• Not having celiac disease at age 25 does not mean you cannot develop it at age 45 and it is increasingly showing itself in a variety of new ways besides disruption of intestinal function.
  • The connection between celiac disease and wheat consumption was first made in 1953.
  • Gluten elimination yielded dramatic cures.
  • About 1% of the population is unable to tolerate wheat gluten, even in small quantities.  The lining of their small intestine breaks down from it, leading to cramping, diarrhea and yellow-colored stools that float in the toilet bowl because of undigested fats.
  • 50% experience: cramping/diarrhea/weight loss; the other 50% experience: anemia, migraine headaches, arthritis, neurological symptoms, infertility, short stature, depression, chronic fatigue; or later in life as neurological impairment, incontinence, dementia, gastrointestinal cancer.
  • The increase in celiac disease has been paralleled by an increase in type 1 diabetes, allergies, and autoimmune diseases such as multiple sclerosis and Crohn’s disease.
  • The protein of wheat gluten has the unique ability to make your intestine permeable, allowing various components of wheat to gain entry into the bloodstream.
  • What happens when foreign compounds get into bloodstream? Autoimmunity, your body’s immune system attacking healthy organs.
  • Wheat proteins are able to pick the lock on any door, allowing unwanted intruders to gain entry into places they don’t belong.
  • Conditions associated with celiac disease: Dermatitis herpetiformis, liver disease, autoimmune diseases, diabetes, neurological impairment, nutritional deficiencies.
  • Thinking of celiac disease as just diarrhea, as is often the case in many doctors’ offices, is an enormous and potentially fatal oversimplification.
  • All is not lost if you have celiac disease: You appreciate food more.  You eat foods because you require sustenance and you enjoy their taste and texture.
  • It’s not a burden, rather a liberation.

Chapter 7: Diabetes Nation: Wheat And Insulin Resistance

  • Because of wheat’s incredible capacity to send blood sugar levels straight up, initiate the glucose-insulin roller coaster ride that drives appetite, generate addictive brain-active exorphins, and grow visceral fat, it is the one essential food to eliminate in a serious effort to prevent, reduce, or eliminate diabetes.
  • Health conscious people who follow conventional dietary advice to reduce fat and eat more “healthy whole grains” consume approximately 75% of their carb calories from wheat products.
  • The adoption of grains into the human diet was followed by archaeological evidence of increased infections, bone disease such as osteoporosis, increased infant mortality and reduction in the life span, as well as diabetes.
  • People who reduce fats but replace lost fat calories with “healthy whole grains” have resulted in: weight gain, obesity, bulging abdomens of visceral fat, pre-diabetes and diabetes on a scale never before witnessed.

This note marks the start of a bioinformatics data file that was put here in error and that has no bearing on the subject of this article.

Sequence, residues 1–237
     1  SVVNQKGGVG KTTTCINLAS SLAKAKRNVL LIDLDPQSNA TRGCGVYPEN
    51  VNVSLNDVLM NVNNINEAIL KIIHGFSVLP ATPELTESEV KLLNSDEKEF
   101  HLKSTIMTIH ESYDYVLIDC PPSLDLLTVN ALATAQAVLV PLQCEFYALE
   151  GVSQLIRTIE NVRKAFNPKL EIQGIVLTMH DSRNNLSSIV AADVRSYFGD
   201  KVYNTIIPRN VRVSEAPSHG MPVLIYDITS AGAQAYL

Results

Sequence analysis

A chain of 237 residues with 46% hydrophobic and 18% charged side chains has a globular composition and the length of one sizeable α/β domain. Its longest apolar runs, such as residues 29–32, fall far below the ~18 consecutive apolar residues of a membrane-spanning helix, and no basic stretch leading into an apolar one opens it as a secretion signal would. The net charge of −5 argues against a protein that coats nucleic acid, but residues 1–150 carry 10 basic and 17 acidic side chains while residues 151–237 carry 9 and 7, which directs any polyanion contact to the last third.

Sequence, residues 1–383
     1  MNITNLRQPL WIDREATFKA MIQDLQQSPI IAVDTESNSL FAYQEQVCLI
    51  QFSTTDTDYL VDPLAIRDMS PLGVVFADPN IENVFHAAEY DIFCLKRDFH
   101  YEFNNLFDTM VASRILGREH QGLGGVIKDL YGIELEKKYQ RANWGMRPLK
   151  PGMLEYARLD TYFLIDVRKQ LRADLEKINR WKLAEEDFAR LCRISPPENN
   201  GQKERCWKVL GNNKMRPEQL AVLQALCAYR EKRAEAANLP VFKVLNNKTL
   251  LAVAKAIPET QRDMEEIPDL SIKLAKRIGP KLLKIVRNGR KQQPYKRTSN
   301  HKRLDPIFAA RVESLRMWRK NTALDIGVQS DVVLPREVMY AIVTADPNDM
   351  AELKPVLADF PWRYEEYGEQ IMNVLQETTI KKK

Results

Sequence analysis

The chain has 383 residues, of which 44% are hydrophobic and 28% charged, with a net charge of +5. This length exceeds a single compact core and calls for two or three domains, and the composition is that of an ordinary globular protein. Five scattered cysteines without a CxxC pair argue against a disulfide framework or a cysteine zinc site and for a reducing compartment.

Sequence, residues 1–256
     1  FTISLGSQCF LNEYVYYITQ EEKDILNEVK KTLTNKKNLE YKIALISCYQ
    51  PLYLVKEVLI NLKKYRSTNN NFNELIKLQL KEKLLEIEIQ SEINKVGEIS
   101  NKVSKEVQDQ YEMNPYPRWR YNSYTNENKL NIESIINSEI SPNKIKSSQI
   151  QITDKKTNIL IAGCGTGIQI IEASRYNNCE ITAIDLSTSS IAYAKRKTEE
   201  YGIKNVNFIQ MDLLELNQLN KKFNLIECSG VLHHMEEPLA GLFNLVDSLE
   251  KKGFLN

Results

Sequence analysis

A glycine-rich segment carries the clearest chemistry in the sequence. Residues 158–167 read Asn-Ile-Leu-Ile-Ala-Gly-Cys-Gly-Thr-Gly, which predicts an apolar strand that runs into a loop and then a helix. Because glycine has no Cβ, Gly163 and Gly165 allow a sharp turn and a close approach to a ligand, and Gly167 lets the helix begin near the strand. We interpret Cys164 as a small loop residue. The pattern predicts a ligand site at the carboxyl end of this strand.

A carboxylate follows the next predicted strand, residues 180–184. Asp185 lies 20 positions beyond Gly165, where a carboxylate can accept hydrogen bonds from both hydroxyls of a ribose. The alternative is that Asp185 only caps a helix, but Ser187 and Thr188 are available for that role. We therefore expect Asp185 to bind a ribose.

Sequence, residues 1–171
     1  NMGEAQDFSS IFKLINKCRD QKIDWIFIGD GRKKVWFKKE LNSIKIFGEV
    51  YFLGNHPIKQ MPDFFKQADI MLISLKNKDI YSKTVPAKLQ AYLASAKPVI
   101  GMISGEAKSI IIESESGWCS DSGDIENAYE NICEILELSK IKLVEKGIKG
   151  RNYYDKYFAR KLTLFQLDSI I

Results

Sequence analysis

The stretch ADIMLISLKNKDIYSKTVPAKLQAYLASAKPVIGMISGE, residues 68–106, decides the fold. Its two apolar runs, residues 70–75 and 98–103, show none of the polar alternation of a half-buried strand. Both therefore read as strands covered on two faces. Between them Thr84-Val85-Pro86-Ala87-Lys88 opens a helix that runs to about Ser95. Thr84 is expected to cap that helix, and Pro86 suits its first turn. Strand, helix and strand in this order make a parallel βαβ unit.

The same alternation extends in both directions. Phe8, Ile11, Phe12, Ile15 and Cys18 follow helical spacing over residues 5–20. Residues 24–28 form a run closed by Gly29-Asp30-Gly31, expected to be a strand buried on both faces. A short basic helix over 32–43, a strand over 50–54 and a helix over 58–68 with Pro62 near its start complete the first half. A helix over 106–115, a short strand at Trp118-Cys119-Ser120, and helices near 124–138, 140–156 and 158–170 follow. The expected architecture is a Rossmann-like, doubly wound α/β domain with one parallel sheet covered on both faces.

• Only during the last half of the 19th century when sucrose (table sugar) consumption increased did diabetes become more widespread.
  • If national wheat consumption is averaged across all Americans, the average American consumes 133 pounds of wheat per year, or a bit more than half a loaf of bread per day.
  • In addition to increased consumption of wheat, we also are eating new, high-yielding dwarf strains and new gluten structures not previously consumed by humans.
  • A Paleolithic or Neolithic human breakfast might consist of wild fish, reptiles, birds or other game, leaves, roots, berries, or insects.  Today it will more likely be a bowl of breakfast cereal consisting of wheat flour, cornstarch, oats, high-fructose corn syrup and sucrose.
  • Nobody becomes diabetic by gorging on too much wild boar they’ve hunted, or wild garlic and wild berries they’ve gathered … or too many veggie omelets, too much salmon, or too much kale, pepper slices, and cucumber dip.  But plenty of people develop diabetes because of too many muffins, bagels, breakfast cereals, pancakes, waffles, pretzels, crackers, cakes, cupcakes, croissants, donuts and pies.
  • Carbohydrates trigger insulin release from the pancreas, causing growth of visceral fat; visceral fat causes insulin resistance and inflammation.  High blood sugars, triglycerides, and fatty acids damage the pancreas.  After years of overwork, the pancreas succumbs to the thrashing it has taken from glucotoxicity, lipotoxicity, and inflammation, essentially burning out, leaving a deficiency of insulin and an increase in blood glucose – diabetes.

Chapter 8: Dropping Acid: Wheat As The Great pH Disrupter

  • Veer up or down from the normal pH of 7.4 by just .5 and you’re dead.
  • Acids drive pH down, triggering a panic mode response from the body to compensate.  The body responds by drawing from any alkaline store available, from the bloodstream and the bones.
  • The body is happier being slightly more alkaline.
  • Major dietary source of acid: carbonated sodas like Coke.  Also, any food derived from animal sources generate some acid challenge.